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HIV, Confidentiality, and Duty to Protect: A Decision-Making Model
Faculty Publications
  • Tiffany Chenneville
SelectedWorks Author Profiles:

Tiffany Chenneville

Document Type
Publication Date
Date Issued
January 2000
Date Available
September 2011
Mental health professionals are confronted with complex issues surrounding confidentiality and duty to protect when treating clients with HIV. These professionals need to consider various factors when applying Tarasoff principles to protect potential victims, including the foreseeability of harm, the identifiability of the victim, and appropriate protective action. Professional ethical guidelines and legal mandates also need to be considered. The purpose of this article is to discuss the ethical and legal dilemmas faced by clinicians and to introduce a decision-making model that takes into account individual state laws.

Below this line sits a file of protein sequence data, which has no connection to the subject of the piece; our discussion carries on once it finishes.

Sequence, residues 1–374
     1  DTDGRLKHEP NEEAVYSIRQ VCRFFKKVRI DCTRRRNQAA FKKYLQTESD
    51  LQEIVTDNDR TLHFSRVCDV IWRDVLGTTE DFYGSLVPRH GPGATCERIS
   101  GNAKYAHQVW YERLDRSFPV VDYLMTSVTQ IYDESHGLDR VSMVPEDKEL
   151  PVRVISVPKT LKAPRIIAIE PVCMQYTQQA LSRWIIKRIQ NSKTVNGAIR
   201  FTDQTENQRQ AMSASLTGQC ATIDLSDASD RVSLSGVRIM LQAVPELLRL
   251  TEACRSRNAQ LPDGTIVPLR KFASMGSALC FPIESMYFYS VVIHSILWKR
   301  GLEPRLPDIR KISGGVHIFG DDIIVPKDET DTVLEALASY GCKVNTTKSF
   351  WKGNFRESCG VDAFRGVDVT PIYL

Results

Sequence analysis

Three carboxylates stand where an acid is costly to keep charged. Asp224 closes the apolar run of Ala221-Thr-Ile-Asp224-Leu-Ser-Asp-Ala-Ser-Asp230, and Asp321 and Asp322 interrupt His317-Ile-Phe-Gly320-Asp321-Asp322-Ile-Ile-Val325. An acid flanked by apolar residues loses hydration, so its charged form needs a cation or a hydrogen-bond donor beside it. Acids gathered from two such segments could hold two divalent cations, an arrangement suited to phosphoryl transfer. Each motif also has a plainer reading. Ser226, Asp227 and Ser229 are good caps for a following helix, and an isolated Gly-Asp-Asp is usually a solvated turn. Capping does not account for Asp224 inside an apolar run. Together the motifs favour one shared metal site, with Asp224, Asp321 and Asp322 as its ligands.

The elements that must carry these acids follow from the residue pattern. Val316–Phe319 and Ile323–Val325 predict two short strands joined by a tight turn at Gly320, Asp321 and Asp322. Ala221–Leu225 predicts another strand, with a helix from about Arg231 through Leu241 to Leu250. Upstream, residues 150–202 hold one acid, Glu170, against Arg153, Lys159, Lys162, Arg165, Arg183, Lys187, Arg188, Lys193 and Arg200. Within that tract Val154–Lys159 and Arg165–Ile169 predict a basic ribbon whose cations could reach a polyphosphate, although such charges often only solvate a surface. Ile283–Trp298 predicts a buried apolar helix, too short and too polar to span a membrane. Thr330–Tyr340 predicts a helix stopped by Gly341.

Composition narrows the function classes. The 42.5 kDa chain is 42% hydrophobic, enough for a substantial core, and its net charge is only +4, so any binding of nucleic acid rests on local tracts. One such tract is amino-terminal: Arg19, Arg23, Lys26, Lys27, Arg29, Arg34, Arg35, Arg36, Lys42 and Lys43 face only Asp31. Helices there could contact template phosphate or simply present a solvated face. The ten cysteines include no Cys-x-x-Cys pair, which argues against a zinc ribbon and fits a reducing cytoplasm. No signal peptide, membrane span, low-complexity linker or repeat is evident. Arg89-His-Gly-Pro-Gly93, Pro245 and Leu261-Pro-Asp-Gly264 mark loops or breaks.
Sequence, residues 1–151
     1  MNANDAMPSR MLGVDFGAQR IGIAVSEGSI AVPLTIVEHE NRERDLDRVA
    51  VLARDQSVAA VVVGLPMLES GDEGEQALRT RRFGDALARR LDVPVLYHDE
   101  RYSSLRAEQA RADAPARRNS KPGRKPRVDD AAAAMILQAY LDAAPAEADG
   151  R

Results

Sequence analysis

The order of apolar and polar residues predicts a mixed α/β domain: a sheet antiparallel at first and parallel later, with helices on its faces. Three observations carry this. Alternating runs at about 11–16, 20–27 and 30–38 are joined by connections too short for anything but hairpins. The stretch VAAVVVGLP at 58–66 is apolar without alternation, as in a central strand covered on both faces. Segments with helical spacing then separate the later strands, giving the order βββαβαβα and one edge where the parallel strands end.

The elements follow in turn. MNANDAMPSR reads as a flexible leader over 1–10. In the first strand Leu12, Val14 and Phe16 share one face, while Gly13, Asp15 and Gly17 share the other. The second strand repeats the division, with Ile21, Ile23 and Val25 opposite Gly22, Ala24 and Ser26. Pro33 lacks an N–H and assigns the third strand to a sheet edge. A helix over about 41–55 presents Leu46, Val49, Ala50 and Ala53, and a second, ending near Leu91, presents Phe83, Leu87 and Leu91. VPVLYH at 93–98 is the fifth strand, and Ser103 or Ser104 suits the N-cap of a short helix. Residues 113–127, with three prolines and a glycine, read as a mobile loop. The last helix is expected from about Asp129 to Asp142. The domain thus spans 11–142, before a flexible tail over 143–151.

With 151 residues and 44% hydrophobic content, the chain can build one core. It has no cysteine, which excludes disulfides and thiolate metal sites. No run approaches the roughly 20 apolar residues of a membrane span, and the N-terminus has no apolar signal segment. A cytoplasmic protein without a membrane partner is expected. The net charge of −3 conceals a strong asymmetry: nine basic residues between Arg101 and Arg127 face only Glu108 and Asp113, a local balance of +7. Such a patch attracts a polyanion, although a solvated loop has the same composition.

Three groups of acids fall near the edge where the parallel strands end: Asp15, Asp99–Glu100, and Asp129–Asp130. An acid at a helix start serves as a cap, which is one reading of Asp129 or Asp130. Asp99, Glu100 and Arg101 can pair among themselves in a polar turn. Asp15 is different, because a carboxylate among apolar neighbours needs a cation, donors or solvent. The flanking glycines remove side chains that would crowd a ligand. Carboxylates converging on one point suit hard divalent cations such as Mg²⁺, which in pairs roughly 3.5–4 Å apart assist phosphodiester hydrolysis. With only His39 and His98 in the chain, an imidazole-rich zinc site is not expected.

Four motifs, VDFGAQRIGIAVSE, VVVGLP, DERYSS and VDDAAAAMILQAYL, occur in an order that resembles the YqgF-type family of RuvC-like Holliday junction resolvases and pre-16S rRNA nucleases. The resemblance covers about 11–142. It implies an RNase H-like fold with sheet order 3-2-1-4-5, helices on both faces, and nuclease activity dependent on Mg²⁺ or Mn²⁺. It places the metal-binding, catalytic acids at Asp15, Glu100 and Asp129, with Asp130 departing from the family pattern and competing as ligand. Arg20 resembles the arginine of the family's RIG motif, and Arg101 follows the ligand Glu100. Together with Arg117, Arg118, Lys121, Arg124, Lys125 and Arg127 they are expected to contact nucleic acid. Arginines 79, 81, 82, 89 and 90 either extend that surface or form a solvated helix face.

Abstract only. Full-text article is available only through licensed access provided by the publisher. Published in Professional Psychology, Research, and Practice, Vol. 31, No. 6, 661-670. Members of the USF System may access the full-text of the article through the authenticated link provided.
American Psychological Association
Creative Commons License
Creative Commons Attribution-Noncommercial-No Derivative Works 4.0
Citation Information
Chenneville, T. (2000). HIV, Confidentiality, and Duty to Protect: A Decision-Making Model. Professional Psychology, Research, and Practice 2000. Vol. 31, No. 6, 661-670.